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fue them; they long recain bad habics, a weakness of nature , invecerate errors, and almost incurable prejudices. Happy they who never strayed ! they may do good to a greater perfection, The Gods, Telemachus , require more of you, than of Idomeneus, because you

have known the truth from your youth, and have never been delivered up to the seducements of too great a prosperity.

Idomeneus, continued Mentor , is wife and know, ing; but he applies himself too much to particulars , and does not sufficiently consider the whole of his affairs to form judicious schemes. The art of a king, who is set over other men, does not consist in doing all himself; it is gross vanity co hope to do this, ot to endeavour to perfuade the world that one is capa. ble of it. A king ought to govern by chusing and guiding those who govern under bim; he must not descend to particulars, for char is doing the office of his agents, he ought only to make them give him

and to know enough to examine thaç account with judgment. He is an admirable goyer,

who chuses and employs those who govern, ac: cording to their respective talents. The highest dem gree and perfection of government consists in govem, ing chofe who govern : they must be watched, tried, checked, reproved, encouraged , promoted , degraded, removed from one post to another, and always kept in dependance. A prince who pries into every thing himself, betrays a mistrystful narrow foul, he abandons himself to jealousy about trilles, which con fumes the time and the freedom of mind which are necessary for affairs of importance. To form grear designs the soul must be free and composed; it must think at its eafe, and be entirely disengaged from all knotty and difficult affairs; a mind exhausted by para ticulars , resembles the lees of wine which have neia ther strength nor flavour. Governors who descend to particulars, are always determined by the present, without extending their views to remote futurity, ; they are continually borne away by the affairs of the day, which being the only object of their claoughts,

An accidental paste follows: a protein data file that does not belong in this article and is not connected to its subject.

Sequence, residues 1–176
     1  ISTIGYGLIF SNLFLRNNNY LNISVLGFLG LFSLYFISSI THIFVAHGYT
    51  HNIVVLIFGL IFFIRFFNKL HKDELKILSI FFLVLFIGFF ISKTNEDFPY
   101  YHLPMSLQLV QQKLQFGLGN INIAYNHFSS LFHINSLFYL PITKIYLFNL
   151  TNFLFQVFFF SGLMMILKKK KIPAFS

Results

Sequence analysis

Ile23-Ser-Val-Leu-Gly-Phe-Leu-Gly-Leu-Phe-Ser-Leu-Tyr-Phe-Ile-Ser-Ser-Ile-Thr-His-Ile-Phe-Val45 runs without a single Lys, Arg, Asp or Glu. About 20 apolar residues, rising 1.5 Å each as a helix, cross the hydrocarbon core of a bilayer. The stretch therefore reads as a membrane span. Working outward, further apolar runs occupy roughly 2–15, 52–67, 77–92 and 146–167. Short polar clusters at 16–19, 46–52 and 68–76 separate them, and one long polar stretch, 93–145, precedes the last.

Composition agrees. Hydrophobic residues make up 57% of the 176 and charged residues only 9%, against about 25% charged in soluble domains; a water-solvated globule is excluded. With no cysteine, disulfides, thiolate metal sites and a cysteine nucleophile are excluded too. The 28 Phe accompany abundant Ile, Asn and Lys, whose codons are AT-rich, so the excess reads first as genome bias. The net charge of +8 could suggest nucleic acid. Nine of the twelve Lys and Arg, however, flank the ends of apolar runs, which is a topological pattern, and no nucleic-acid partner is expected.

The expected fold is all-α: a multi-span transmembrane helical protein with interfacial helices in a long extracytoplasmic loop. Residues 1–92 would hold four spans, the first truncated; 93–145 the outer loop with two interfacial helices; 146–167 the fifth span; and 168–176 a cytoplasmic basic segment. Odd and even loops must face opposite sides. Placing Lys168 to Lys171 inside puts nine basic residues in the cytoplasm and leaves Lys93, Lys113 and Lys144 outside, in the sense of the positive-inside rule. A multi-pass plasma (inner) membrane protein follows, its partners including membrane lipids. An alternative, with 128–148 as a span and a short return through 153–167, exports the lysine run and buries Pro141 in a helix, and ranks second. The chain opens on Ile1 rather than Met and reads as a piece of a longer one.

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elle recrécit leur esprit; car on ne juge fainement des affaires, que quand on les compare toutes ensemble , & qu'on les place toutes dans un certain ordre , afin qu'elles aient de la fuice & de la proportion. Manquer à suivre cette regle dans le gouvernement c'est ressembler à un musicien, qui se contenteroit de trouver des fons harmonieux, & qui ne se mettroit point en peine de les unir & de les accorder, pour en composer une musique douce & touchanie. C'est ressembler aussi à un architecte qui croit avoir tout fait , pourvu qu'il assemble de grandes colonnes , & beaucoup de pierres bien caillées, sans penser à l'ordre & à la proportion des ornemens de 'on édifice. Dans le cemps qu'il fait un fallon , il ne prévoic pas qu'il faudra faire un escalier convenable. Quand il travaille au corps du bâtiment , il ne fonge ni à la cour ni au portail ; son ouvrage n'est qu'un assemblage confus de parties magnifiques, qui ne fonc poinc faites les unes pour les autres.

Cet ouvrage : loin de lui faire honneur est un monumeoc qui éternisera fa honte ; car il fait voir que l'ouvrier n'a pas su penser avec assez d'étendue, pour concevoir à la fois le dessein général de tout son ouvrage. C'est un caractere d'esprit court & subalterne. Quand on est né avec ce génie borné du détail, on n'est propre qu'à exécuter sous autrui. N'en doutez pas, ô mon cher Télémaque ; le gouvernement d'un royaume demande une certaine harmonie comme la mu. lique , & de justes proportions comme l'architec